After trekking approximately 2 hours (from The Divide) with a few respites of STOP-AND-SNAP, when we finally arrived at the Summit!

The view of the mini pond with the snow-capped mountain as backdrop was all I longed to see on the Routeburn Track. And it was exactly how I pictured it. Pristine pond surrounded by damped mosses, it was a view that will remain etched in my mind.

It was quite a tranquil experience. Though, the Routeburn track is a popular route to most people in the Te Anau region, it was surprising that there were not many fellow trekkers hanging around the ‘final destination’. Where could they all be, I wonder?

Because we hadn’t really eaten breakfast, we had our first meal of the day ON A (FREAKING) MOUNTAIN! How awesome was that! A meal with a priceless view. It was such a bliss to just sit on a boulder, with the sun shining down, holding on to a cookie, munching and having a peripheral view of the Darran Mountains.

To be honest, I will do anything to go back and relive the moment with simplicity at its best! #travelmemories

Back on Routeburn Track en route to Lake Howden

We ate, took tons of photos, and told each other how we wished the moment never past. It was our longest rest we had (for about 1 hr 45 mins). Well… … Time flies when you are being in the moment and embracing the view, no?

Then it was time (close to noon) to get up on our arses and back on the Routeburn Track heading towards Lake Howden and then to Earland Falls!

When we arrived at the Howden Hut, which is next to Lake Howden, it was about an hour past noon. Howden Hut is a camping facility for campers who do overnight treks. I understand from fellow trekkers along the way that some had travelled from the Queenstown and were making their way to Te Anau.

So basically they trekked from Mount Aspiring National Park to Fiordland National Park. We witnessed a father and young son, probably 12 – 13 years old, on this very long journey. Kudos to the dynamic father and son duo! Alas, I am not that adventurous yet to try an overnight trekking expedition! Haha! Maybe one day… …

Earland Falls

About an hour trek from Lake Howden, we arrived at the almighty Earland Falls! To be honest, when we were at Lake Howden, we were contemplating if we should give Earland Falls a miss. We were considering the amount of daylight we had left, and if we could make it back to the carpark before dark.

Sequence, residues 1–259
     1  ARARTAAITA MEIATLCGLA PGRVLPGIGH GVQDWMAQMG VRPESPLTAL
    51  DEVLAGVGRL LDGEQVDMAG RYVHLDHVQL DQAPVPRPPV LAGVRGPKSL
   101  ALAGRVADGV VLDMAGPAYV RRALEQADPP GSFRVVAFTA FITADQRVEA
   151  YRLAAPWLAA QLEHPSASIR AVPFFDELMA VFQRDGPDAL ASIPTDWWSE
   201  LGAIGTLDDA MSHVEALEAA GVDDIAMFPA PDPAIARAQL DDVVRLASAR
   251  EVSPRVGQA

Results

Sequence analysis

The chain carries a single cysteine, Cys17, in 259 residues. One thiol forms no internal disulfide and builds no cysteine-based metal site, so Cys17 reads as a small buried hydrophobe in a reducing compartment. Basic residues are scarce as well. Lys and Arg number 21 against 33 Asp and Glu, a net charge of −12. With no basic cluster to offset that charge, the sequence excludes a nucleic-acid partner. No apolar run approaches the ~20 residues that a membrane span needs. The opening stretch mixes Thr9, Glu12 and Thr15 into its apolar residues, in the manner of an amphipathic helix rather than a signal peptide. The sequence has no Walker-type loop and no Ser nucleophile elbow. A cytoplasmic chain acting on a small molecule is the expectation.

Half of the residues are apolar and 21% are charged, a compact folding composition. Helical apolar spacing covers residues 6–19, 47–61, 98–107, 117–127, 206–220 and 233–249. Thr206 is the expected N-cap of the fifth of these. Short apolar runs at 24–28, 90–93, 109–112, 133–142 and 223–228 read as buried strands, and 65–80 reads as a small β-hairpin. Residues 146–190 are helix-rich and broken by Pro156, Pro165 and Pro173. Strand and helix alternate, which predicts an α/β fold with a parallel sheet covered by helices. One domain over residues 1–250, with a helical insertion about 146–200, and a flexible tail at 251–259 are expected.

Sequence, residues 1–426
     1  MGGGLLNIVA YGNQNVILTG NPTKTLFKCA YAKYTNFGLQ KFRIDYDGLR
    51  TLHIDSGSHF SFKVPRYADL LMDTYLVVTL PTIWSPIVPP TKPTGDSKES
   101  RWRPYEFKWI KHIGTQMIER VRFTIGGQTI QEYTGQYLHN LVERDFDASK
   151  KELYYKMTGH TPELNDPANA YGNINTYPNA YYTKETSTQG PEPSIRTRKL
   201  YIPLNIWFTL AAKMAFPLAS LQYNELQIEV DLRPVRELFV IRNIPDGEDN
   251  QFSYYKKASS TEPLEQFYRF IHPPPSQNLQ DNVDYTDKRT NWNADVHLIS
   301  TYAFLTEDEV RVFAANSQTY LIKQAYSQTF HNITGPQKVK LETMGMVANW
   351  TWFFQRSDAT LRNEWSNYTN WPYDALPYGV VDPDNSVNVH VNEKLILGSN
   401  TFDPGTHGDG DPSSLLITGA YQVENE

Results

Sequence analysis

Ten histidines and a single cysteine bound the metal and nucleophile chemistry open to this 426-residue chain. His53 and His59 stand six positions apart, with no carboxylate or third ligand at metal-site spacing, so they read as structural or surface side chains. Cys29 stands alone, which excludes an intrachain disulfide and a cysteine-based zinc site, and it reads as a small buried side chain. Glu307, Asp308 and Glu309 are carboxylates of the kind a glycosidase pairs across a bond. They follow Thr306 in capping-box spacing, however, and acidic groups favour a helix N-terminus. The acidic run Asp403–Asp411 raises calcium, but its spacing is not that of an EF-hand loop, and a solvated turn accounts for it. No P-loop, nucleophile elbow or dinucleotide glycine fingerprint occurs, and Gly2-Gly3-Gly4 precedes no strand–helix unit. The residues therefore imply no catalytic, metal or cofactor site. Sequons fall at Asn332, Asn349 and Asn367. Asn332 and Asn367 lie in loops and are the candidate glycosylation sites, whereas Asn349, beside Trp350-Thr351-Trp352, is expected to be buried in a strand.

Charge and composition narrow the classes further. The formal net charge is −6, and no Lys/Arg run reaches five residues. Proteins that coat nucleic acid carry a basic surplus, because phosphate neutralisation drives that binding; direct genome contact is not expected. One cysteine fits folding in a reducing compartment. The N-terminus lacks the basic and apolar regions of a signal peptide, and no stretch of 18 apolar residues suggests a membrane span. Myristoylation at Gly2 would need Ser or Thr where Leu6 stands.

But being already in the middle of nowhere surrounded by forest and lake, we decided we shouldn’t leave the place without finishing what we started off. And I am very glad I have a travel partner who wouldn’t quit on me. She was alright with not seeing Earland Falls, but knowing me well enough (that I wanted to carry on), she pressed on with me. So thanks girl!

We wasted no time to dilly-dally, and scurried through the forest gingerly on uneven route underfoot!

I usually espied waterfalls from a great distance. But, this time, the 174 metres Earland waterfall was the closest I had gotten to a waterfall! It was so majestic! It was literally right in front of us. We could feel the mist! We could totally go in for a swim beneath the falls and feel its wrath as the waters spattered!

The crystal clear cold waters was just so tempting for us to soak ourselves in after a long and hard’s trek. We left Earland Falls, at about 3.40 pm, and made it back before dark! We were totally exhausted after that! Haha! 😀 But it was extremely worth it! I was so glad we did not give a miss to Earland Falls. In hindsight, it was definitely worth the extra distance trekking.